Are you ‘peeing’ serious? High school takes doors off pupil toilets
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A secondary school has defended its decision to take the doors off its pupil toilets.
The Hewett Academy in Norwich has removed the external main doors from all but one of its toilets to make them "open plan".
The school, in Cecil Road, said the change had been suggested by pupils and that it would improve pupil safety "without compromising privacy" - but some parents are yet to be convinced by the move.
A relative of one pupil labelled the decision "disgusting" and said it gave children "no privacy".
Open plan toilets - for both boys and girls - are becoming more commonplace in high schools around England, with most of those which opt for them claiming to have done so for safety reasons.
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The trend, along with that for unisex toilets, is said to reduce the potential for bullying and vandalism.
But parents and carers have raised concerns about the privacy implications of open plan toilets, as other pupils - and potentially CCTV cameras - in the corridors could see inside.
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A spokesperson for Inspiration Trust, which runs The Hewett Academy, said: "Open plan toilets, with individual private cubicles, are common place in schools nowadays, as they improve safety and can reduce the potential for bullying, without compromising privacy.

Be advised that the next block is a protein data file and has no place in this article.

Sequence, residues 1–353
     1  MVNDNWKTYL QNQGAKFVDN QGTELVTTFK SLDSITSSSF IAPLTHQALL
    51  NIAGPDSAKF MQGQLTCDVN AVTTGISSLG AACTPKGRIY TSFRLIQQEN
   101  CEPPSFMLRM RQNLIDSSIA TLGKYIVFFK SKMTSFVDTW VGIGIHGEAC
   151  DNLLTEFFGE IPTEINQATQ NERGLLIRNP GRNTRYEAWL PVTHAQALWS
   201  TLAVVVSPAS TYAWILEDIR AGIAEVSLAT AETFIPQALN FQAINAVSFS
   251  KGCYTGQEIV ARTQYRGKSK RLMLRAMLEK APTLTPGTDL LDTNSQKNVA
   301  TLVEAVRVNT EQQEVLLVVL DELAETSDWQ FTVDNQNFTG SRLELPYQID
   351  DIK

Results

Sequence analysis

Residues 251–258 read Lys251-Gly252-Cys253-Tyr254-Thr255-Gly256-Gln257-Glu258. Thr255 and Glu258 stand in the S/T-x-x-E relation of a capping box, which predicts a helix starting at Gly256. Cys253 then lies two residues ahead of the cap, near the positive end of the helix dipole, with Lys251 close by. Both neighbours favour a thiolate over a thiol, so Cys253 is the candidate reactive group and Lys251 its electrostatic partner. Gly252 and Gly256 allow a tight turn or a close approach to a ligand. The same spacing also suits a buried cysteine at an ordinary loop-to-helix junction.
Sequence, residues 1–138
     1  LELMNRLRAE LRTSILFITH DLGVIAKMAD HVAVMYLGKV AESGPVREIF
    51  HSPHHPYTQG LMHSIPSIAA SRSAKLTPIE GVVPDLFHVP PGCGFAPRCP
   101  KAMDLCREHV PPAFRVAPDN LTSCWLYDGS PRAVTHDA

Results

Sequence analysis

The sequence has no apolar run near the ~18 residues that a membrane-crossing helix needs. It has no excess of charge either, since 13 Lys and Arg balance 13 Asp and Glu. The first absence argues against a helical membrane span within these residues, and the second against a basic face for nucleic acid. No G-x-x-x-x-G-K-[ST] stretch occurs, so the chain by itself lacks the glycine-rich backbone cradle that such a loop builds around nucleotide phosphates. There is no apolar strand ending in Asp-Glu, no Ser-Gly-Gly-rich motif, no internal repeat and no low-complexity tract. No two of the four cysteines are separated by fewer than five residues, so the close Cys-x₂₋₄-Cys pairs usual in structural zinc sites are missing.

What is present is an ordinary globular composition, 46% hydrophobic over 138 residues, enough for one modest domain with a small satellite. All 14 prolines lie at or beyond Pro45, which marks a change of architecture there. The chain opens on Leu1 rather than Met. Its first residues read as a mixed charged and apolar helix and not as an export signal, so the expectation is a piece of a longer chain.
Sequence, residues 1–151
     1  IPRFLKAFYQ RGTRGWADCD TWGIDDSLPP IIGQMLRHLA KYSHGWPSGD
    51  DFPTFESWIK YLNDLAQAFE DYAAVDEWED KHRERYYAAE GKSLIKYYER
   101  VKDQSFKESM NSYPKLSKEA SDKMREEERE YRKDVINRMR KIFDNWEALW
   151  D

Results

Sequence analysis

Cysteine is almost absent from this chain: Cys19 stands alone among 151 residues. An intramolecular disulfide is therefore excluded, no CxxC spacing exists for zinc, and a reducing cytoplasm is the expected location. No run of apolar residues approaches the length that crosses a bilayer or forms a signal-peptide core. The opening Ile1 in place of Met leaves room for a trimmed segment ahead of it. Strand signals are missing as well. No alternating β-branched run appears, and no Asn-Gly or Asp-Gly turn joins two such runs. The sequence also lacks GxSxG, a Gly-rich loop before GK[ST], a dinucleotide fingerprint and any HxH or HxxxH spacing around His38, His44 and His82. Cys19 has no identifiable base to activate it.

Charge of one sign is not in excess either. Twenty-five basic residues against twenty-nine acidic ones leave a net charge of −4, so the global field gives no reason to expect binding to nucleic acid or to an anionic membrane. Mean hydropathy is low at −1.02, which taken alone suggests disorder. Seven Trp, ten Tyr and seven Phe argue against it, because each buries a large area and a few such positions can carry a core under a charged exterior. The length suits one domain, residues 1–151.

"The change was first suggested by prefects and the school council and has been very positively received by pupils."
Many people on social media said the architectural trend for open plan toilets was now common, with other high schools in Norfolk having already made the change.
One commenter on Facebook said their child's school also had no external toilet doors and supported the configuration as it mean toilets could be better monitored.
Another said it was now standard practice for school toilets to have no external doors and an open plan handwashing area.
Another felt the school had made the decision to prevent vandalism - and potentially more dangerous acts - taking place in the toilets.
But some people were not in agreement, claiming the open plan design would cause a lack of privacy for pupils.
One Facebook commenter asked: "How can anyone especially young ladies cope with this?"
Another said: "If this was common when I was at school I think I'd be holding it in [un]til I got home."